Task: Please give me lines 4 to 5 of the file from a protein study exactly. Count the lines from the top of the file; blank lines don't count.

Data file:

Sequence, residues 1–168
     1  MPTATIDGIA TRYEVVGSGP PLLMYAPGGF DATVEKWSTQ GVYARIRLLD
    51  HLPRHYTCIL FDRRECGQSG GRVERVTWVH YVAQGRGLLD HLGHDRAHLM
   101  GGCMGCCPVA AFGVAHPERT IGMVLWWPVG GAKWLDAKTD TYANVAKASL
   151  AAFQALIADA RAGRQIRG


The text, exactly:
   101  GGCMGCCPVA AFGVAHPERT IGMVLWWPVG GAKWLDAKTD TYANVAKASL
   151  AAFQALIADA RAGRQIRG